Black Scholes vs implied volatility tree

Discussion in 'Options' started by rselitetrader, Apr 5, 2007.

  1. Do exchanges and institutions use Black-Scholes or implied volatility trees or other forms of binomial trees to price options? Just curious.
  2. booking


    Can't speak for all institutions - but here they use Black-Scholes for European options and binomial trees for American.

    However these are just the defaults - systems here allow the managers to price using a variety of methods.
  3. I know that institutions do use Black-Scholes and binomial models. They claim that they have the "proprietary" models, but their quotes usually are suspiciously close to the values suggested by the models.

  4. MTE


    There's no reason for the "proprietary" models to give significantly different values as binomial and B-S are not that bad, if you know what I mean.
  5. No-one in their right mind uses the bog-standard Black-Scholes-Merton model. It makes far too many simplifying assumptions. Its a start, and that is all.

    Fisher Black himself wrote a paper "How to Use the Holes in Black-Scholes" about this a while back.
  6. leonnis


  7. sle


    Duh, the values better be spot on market, otherwise the desk has a big problem. What is different in "proprietary" models is the treatment of the greeks, which is far more important.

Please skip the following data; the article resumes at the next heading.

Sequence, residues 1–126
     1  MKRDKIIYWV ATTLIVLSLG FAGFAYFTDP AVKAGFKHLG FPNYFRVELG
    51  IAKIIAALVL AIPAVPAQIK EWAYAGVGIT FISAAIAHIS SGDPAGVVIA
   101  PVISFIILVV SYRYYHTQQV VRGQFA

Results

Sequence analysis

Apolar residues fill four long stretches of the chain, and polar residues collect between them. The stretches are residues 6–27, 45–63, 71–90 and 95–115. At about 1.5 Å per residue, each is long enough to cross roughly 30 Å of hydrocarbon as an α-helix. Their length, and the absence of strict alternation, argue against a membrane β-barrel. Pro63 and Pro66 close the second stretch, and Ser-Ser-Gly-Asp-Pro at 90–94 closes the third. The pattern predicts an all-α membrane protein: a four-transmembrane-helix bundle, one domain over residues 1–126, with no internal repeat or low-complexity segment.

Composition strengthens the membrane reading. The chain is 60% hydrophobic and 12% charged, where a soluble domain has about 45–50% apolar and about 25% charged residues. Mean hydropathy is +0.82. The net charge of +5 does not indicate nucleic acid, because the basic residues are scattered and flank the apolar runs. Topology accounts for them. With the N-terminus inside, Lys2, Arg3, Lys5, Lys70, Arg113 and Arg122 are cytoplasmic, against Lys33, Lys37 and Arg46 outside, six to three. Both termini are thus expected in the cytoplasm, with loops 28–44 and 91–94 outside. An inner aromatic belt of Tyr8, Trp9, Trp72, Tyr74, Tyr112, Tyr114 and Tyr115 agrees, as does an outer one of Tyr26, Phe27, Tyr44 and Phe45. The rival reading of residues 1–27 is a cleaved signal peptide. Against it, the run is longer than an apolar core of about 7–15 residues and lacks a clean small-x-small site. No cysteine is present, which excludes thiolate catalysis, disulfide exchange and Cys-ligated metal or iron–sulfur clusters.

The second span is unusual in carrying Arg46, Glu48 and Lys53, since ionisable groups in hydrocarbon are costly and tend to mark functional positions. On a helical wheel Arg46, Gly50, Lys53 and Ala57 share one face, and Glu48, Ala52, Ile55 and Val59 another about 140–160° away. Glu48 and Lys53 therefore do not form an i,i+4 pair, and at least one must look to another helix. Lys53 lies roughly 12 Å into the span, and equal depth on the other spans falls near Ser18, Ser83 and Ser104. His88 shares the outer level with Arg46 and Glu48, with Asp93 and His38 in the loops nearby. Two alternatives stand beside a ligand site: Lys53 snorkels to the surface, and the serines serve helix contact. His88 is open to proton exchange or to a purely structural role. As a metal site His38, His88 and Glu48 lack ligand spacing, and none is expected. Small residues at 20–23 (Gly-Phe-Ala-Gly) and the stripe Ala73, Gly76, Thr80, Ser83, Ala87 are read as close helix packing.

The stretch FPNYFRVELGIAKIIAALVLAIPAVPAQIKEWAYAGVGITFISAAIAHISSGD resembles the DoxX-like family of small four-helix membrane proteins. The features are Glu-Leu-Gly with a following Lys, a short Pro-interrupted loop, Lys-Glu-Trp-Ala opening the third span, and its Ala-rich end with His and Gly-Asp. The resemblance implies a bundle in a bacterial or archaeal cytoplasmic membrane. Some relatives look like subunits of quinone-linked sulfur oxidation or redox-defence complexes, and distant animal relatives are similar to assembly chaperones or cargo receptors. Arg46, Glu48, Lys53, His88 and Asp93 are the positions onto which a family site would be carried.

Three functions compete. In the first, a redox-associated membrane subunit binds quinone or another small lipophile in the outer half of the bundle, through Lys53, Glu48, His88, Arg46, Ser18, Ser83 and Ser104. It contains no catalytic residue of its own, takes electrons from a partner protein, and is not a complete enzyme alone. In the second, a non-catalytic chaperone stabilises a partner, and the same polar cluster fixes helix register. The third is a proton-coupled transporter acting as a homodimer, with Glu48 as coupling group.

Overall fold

8. How so? We are talking exotic derivatives, just to clarify.

  9. sle


    Does not really matter and the distinction between exotics and vanilla is pretty blurry. Are you asking a philosophical question or you're asking how the exotics market works?

    On a "holistic" level, any desk that is very far off market should and will realize that something is wrong and will revise it's market assumptions and model parameters to be on market. The example is cliquets in the equity world and CMS spread options in the rates world, that people price with a vast variety of models but the prices trade very tightly. That's because everyone tweaks the various model parameters to match the market prices.

    When in competition on less liquid stuff, you see people quote all over the place, i have seen the markets that was 2-3 points wide on an 11 point option. However, most of it has nothing to do with the model and more with the market assumptions. For instance, on basket options, your forward and correlation assumptions will be far more significant then using basket approximation as opposed to some smart MC-basket model.
  10. Thanks for your insight. It was more of a philosophical question. I also wonder how much of a liquidity premium one should price in, when checking exotic derivatives quotes from the counterparties? In the example above you mentioned 20-30%? It has to be an exception rather than the rule. What do you do, if you don't mind me asking?
    #10     Apr 8, 2007